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don't be fooled
by fruit drinks

A Social Media Countermarketing Toolkit to Reduce Fruit Drink Purchases



young, Latinx children consume too many sugary fruit drinks

We are working to decrease the amount of sugary drinks children consume through a tested campaign available at no cost to our public health and advocacy partners.

This toolkit contains an evidence-based social media messaging campaign for countering beverage industry marketing and decreasing the purchase of fruit drinks by Latinx parents for their children and promoting water as a healthier beverage choice.

The messages and toolkit were developed and tested by a team from University of Washington (Jim Krieger, MD, MPH; Lina Pinero Walkinshaw, MPH), University of Pennsylvania (Christina Roberto, PhD), and Interlex Communications (Rudy Ruiz, MPP; Mayra Urteaga, MBA) in 2020. Support was provided by Healthy Eating Research, a program of the Robert Wood Johnson Foundation and Arcora Foundation - the Foundation of Delta Dental of Washington.

A 'fruit drink' is a fruit flavored beverage containing added sugar that
is not 100% juice

  • Fruit drinks are the most consumed sugary beverage in young children.*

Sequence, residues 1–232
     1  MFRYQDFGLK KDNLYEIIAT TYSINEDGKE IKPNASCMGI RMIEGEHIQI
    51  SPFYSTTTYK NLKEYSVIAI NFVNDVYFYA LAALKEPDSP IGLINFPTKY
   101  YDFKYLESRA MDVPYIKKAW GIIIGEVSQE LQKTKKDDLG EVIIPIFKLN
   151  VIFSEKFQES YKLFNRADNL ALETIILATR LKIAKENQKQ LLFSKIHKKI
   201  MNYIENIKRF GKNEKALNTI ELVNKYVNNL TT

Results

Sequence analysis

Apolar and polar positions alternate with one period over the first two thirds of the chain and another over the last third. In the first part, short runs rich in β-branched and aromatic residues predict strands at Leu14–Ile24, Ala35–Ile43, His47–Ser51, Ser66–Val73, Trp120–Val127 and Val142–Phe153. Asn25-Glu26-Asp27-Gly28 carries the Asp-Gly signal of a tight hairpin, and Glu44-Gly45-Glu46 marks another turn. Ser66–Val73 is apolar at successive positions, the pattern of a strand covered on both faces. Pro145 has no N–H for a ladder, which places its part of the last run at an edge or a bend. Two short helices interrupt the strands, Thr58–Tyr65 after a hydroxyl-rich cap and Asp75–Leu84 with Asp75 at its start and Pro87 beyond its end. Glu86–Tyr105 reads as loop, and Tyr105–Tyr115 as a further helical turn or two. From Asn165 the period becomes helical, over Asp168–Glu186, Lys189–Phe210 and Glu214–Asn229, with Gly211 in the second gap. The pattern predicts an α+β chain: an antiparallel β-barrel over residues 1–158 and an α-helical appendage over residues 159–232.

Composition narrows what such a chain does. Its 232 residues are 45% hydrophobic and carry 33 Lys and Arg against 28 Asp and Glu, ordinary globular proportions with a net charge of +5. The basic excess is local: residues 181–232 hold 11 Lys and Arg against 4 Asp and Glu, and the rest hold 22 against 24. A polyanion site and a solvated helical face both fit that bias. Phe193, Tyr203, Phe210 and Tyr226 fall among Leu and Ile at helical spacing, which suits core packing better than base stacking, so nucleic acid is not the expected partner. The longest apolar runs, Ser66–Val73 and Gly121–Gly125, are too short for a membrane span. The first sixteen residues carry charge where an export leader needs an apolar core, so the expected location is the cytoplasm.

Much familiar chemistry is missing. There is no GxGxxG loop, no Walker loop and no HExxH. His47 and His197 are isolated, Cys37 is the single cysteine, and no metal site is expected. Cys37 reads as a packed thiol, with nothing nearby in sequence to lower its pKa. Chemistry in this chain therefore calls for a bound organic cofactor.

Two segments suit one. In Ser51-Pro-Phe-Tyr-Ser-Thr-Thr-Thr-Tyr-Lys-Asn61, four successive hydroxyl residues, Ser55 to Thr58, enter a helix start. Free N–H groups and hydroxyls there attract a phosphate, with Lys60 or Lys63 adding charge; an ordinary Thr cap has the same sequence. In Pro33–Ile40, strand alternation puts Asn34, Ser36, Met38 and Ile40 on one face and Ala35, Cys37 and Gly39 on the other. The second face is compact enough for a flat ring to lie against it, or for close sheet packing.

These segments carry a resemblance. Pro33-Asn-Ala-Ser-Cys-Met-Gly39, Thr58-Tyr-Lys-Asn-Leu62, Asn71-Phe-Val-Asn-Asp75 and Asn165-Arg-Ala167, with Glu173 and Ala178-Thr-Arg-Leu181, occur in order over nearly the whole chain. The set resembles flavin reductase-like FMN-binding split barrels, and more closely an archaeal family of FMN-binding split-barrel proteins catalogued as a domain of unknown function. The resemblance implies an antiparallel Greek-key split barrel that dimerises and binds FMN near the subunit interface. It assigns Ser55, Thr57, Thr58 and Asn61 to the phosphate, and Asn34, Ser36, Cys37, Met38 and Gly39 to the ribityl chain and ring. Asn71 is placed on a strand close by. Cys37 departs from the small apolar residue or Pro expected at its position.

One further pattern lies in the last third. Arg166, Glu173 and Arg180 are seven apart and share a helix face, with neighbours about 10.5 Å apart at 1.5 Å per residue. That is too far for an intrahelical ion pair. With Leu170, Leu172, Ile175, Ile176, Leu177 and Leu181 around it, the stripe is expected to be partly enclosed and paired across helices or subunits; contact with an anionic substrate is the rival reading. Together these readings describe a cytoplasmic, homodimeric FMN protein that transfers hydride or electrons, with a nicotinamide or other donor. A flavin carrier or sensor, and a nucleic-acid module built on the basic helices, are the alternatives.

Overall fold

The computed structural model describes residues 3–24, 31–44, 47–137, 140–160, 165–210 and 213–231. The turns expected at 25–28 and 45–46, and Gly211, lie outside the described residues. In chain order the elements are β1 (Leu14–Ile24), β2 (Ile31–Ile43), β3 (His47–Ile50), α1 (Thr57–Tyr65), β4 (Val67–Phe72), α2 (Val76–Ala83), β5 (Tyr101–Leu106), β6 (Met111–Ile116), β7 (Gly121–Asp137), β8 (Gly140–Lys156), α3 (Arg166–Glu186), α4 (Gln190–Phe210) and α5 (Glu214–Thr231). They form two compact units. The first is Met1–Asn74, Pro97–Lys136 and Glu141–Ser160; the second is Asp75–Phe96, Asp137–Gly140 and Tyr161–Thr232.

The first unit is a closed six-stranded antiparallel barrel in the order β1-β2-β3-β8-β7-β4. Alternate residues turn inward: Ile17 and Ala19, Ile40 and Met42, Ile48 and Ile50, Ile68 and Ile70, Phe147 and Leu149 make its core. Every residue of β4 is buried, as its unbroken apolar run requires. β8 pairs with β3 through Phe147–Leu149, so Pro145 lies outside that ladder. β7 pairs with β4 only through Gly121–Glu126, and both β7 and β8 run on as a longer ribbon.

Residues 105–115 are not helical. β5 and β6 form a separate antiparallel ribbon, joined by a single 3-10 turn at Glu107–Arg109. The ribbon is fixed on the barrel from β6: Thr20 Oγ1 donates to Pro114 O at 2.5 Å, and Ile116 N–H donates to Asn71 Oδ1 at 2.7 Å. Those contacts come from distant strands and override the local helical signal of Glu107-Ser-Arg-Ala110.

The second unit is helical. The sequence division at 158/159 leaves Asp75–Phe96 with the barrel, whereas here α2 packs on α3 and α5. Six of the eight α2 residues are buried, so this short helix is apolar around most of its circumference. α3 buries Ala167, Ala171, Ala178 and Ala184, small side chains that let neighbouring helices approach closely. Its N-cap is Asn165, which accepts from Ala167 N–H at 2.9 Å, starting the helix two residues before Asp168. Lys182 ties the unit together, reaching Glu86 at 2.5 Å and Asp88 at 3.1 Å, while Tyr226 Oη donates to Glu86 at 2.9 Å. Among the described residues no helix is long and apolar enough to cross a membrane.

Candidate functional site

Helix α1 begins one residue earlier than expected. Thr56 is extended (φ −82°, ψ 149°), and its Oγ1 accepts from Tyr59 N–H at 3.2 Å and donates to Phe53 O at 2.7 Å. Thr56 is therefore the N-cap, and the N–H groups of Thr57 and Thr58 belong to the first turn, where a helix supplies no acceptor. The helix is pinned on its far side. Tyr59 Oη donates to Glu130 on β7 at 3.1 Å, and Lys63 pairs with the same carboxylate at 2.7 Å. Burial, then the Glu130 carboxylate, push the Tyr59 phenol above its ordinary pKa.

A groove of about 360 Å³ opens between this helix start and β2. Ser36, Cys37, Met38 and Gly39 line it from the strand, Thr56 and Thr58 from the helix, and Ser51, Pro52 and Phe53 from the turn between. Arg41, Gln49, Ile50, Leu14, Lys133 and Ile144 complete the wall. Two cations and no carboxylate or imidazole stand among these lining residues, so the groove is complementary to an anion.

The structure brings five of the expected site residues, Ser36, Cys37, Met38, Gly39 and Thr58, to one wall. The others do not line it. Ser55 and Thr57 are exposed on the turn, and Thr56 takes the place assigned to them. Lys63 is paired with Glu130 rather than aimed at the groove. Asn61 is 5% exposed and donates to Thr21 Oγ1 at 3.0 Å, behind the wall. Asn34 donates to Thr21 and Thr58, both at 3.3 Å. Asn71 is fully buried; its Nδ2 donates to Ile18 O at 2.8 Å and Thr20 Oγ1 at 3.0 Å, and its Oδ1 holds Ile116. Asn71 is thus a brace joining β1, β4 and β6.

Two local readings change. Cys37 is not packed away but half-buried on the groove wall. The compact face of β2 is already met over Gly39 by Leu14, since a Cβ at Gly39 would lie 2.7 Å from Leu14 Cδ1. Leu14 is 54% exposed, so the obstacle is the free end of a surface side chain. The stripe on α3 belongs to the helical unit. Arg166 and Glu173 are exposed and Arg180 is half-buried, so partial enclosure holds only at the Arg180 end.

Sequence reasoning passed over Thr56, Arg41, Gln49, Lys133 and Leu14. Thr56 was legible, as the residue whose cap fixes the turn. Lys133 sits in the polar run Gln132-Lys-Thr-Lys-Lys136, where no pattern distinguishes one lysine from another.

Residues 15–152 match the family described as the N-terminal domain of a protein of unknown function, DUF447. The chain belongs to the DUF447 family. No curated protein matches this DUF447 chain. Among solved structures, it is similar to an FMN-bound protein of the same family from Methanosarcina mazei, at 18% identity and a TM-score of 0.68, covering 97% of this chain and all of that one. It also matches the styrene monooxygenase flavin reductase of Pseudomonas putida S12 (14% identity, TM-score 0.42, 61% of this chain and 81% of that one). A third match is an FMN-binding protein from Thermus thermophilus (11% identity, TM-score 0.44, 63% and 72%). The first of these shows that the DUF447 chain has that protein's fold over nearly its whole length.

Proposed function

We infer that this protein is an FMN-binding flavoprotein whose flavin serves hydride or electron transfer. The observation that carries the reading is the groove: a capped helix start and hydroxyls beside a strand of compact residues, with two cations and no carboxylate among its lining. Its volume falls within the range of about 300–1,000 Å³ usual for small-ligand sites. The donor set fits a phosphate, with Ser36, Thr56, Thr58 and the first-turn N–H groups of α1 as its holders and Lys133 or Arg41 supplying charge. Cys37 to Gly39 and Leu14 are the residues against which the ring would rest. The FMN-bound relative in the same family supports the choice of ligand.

• Fruit drink consumption is high among Latinx children.**

  • Misleading marketing has led many parents to believe fruit drinks are healthy beverages, contributing to high consumption.*** ****

  • Parental choices largely determine the types of drinks consumed by young children. Sugary beverage interventions must target parents' purchasing habits and exposure to marketing.****

* Kay MC, Welker EB, Jacquier EF, Story MT. Beverage consumption patterns among infants and young children (0-47.9 months): data from the feeding infants and toddlers study, 2016. Nutrients. 2018;10(7):825.

Grimes CA, Szymlek Gay EA, Nicklas TA Beverage consumption among U S children aged 0 24 months National health and nutrition examination survey (NHANES). Nutrients 2017;9(3):264.

** Mennella JA, Ziegler P, Briefel R, Novak T. Feeding infants and toddlers study: the types of foods fed to Hispanic infants and toddlers. J Am Diet Assoc. 2006;106(S1):S96-106.

*** Munsell CR, Harris JL, Sarda V, Schwartz MB. Parents' beliefs about the healthfulness of sugary drink options: opportunities to address misperceptions. Public Health Nutr. 2016;19(1):46-54.

**** Pomeranz JL, Harris JL Children's Fruit "Juice" Drinks and FDA Regulations: Opportunities to Increase Transparency and Support Public Health. Am J Public Health. 2020 Jun;110(6):871-880. doi: 10.2105 /AJPH.2020.305621. Epub 2020 Apr 16. PMID: 32298182; PMCID: PMC7204473


a countermarketing Approach

The goal of this campaign is to counter industry marketing practices

The beverage industry markets sugary drinks to parents and children using cartoons, online games & other attention-grabbing mediums. Fruit drink marketing practices create a halo of health, with packages and ads making claims about nutrients, fruit content, and health benefits.

Key countermarketing elements: